By A.L. Haynes| Contributing Writer
On August 30th, the first of San Diego County’s new Monoclonal Antibody Regional Centers (MARCs) was officially opened. These centers will provide COVID-19 testing, monoclonal antibody treatments for COVID-19, and CoVid-19 reinfection and related illness prevention. The county has been providing these services for months, but plans to step-up monoclonal antibody treatments in the hopes of lessening the impact of new CoVid cases. San Diego Mayor Gloria noted that the MARCs “will ease the burden on local hospitals and help prevent the spread of CoVid-19 in our city, especially in light of the highly contagious Delta variant”.
Monoclonal Antibodies, or MAbs for short, have been around for over a century. The County of San Diego describes them as “proteins made in a lab that help boost the immune system to fight viruses”. They rose to prominence in the 1970s, but were used largely for laboratory studies rather than in medical applications until the late 1990s. They are proven to be effective in treating diseases that are resistant to medicine or that have no treatments yet, but must be administered early in the infection.
Like vaccinations, MAbs for CoVid are currently only allowed for people aged 12 and older who weigh at least 88 lbs. They must be given within the first 10 days of catching CoVid, and priority is for unvaccinated and immune-compromised individuals with underlying health conditions. They are administered by either a shot or through an IV, depending on the patient’s needs.
There are currently nine recognized CoVid variants globally, with four of the variants already in the USA – Alpha, Beta, Gamma, and Delta. San Diego currently has cases of the Alpha, Gamma, and Delta variants. The Delta variant first appeared in San Diego in April 2021 and has already reached around 2000 cases and 18 deaths for this variant alone. Around 8% of the Delta cases have been centered in San Diego’s Black community. Of huge concern at this time is the evidence that MAb treatments are less effective against the Delta and Alpha variants.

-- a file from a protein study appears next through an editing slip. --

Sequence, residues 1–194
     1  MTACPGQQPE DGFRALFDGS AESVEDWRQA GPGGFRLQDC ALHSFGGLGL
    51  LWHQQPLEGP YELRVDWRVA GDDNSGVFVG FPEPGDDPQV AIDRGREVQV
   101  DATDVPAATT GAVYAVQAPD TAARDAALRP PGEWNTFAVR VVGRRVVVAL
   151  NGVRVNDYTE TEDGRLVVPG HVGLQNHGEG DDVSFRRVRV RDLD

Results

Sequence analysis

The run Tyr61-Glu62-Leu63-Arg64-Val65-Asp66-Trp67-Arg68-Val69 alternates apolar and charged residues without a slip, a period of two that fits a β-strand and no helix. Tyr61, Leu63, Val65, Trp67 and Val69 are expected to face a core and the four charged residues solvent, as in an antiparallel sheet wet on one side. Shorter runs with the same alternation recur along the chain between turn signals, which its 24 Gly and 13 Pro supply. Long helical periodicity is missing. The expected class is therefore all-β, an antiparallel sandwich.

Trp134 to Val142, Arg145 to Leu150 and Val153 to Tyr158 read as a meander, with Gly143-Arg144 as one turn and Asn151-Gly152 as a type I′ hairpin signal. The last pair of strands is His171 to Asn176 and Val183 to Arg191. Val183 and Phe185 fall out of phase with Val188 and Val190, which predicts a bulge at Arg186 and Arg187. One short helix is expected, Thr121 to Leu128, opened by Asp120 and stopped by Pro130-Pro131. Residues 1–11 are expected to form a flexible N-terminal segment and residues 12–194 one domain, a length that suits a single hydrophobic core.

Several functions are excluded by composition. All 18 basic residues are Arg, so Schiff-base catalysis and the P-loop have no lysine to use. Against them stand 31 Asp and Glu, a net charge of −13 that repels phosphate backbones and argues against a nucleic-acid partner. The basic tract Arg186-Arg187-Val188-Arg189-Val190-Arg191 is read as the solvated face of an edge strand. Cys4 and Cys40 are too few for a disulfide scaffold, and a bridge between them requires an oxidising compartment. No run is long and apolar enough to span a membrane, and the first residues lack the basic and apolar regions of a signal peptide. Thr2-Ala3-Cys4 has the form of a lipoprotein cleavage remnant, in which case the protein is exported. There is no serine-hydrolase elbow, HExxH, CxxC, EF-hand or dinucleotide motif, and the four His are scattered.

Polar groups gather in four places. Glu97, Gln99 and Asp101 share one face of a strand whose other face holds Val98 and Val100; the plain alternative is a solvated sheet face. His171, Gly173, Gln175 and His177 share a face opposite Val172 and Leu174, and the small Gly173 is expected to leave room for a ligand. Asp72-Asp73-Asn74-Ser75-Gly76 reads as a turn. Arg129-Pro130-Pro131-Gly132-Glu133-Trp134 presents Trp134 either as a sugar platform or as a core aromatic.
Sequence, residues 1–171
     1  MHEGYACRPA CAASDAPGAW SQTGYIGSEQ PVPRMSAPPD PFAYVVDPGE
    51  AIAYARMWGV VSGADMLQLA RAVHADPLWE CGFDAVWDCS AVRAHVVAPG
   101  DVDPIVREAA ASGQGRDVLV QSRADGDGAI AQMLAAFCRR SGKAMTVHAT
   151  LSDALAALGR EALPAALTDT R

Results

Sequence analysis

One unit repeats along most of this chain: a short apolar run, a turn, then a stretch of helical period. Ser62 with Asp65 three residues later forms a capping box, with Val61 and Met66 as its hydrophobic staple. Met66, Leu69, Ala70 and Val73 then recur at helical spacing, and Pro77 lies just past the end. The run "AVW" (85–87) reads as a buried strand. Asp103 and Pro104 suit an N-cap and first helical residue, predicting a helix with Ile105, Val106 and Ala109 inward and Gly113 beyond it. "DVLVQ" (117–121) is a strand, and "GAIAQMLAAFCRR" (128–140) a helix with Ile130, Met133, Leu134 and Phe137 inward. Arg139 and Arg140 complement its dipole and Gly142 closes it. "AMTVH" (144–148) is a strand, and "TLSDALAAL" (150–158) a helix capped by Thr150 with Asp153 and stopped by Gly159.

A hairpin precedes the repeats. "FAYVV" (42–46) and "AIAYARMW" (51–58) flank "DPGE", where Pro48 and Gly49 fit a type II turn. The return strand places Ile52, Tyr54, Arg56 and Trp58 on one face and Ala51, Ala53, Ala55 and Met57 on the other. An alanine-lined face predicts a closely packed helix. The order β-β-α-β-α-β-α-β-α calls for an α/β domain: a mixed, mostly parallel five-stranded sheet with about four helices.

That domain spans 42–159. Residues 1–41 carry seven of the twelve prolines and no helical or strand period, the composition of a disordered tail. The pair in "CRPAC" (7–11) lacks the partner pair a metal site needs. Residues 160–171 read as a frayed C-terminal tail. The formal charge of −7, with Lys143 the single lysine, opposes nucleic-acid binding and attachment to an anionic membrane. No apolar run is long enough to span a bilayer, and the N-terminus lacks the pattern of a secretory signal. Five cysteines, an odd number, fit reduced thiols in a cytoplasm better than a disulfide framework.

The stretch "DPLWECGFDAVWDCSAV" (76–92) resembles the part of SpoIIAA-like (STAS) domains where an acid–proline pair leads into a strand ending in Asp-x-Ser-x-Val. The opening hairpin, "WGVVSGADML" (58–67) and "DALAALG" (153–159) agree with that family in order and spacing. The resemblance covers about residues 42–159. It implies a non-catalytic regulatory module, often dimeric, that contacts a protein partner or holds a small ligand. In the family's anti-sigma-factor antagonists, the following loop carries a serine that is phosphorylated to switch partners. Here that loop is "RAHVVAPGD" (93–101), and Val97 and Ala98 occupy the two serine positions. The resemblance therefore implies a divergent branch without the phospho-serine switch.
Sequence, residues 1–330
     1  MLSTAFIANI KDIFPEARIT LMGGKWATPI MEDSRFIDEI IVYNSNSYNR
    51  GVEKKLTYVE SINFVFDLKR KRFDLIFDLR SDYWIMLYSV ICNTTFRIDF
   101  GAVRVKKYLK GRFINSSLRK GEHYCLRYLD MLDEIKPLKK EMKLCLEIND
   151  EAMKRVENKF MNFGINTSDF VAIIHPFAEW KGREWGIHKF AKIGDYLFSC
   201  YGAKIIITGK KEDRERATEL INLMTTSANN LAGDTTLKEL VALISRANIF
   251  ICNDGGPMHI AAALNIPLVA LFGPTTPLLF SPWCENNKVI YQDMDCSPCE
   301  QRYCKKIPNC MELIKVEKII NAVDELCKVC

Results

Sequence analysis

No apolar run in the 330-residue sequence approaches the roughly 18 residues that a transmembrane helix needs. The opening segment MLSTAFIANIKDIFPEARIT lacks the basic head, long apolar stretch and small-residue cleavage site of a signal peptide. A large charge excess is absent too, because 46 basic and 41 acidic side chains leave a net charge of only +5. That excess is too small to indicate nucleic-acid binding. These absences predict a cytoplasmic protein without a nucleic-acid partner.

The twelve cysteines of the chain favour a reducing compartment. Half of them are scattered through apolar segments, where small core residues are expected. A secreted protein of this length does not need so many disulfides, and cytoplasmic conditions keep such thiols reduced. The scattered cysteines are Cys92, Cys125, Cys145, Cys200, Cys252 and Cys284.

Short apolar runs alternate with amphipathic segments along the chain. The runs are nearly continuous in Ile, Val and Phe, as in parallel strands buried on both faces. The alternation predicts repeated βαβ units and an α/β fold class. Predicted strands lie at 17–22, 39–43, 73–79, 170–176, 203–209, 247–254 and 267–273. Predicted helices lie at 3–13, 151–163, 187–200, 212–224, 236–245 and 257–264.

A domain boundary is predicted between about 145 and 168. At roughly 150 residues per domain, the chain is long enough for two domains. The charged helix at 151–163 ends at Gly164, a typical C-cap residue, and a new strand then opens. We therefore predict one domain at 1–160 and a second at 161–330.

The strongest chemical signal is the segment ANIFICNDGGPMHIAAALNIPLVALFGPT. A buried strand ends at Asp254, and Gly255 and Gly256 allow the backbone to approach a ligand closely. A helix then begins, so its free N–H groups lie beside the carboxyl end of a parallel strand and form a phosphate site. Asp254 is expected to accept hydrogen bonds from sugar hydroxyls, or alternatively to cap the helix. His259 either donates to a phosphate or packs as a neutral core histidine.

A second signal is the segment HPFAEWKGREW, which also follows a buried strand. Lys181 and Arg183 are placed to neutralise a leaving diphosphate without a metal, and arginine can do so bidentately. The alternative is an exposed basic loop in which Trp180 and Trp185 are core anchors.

Nonetheless, timely treatment with MAbs can prevent hospitalization and death. San Diego County Public Health Officer, Dr. Wilma J. Wooten, noted that, “While not a replacement for vaccination, this no-cost procedure can reduce the risk of COVID-19-related hospital visits and help those sick with the virus feel better faster”.
There are currently four MARCs up and running: Vista Community Clinic, Palomar Medical Center Downtown (Escondido), Family Health Centers of San Diego Hillcrest, and Family Health Centers of San Diego Chula Vista. A fifth MARC at Clairemont Friendship Center is scheduled to open soon. At this time, the county is not providing data about age or race of people who have received the treatments.
San Diego is providing MAb treatments for free to anyone who meets the medical criteria, regardless of insurance and immigration status. Patients must be recommended to the nearest MARC by their primary care provider (PCP) or healthcare system. If your PCP cannot provide a recommendation, or you do not have one, patients can try calling (619) 685-2500. As with all other CoVid-related services, Medi-Cal transportation programs are available.
The SDV&V’s coverage of local news in San Diego County is supported by the Ethnic Media Sustainability Initiative, a program created by California Black Media and Enthnic Media Services to support minority-owned-and-operated community newspapers across California.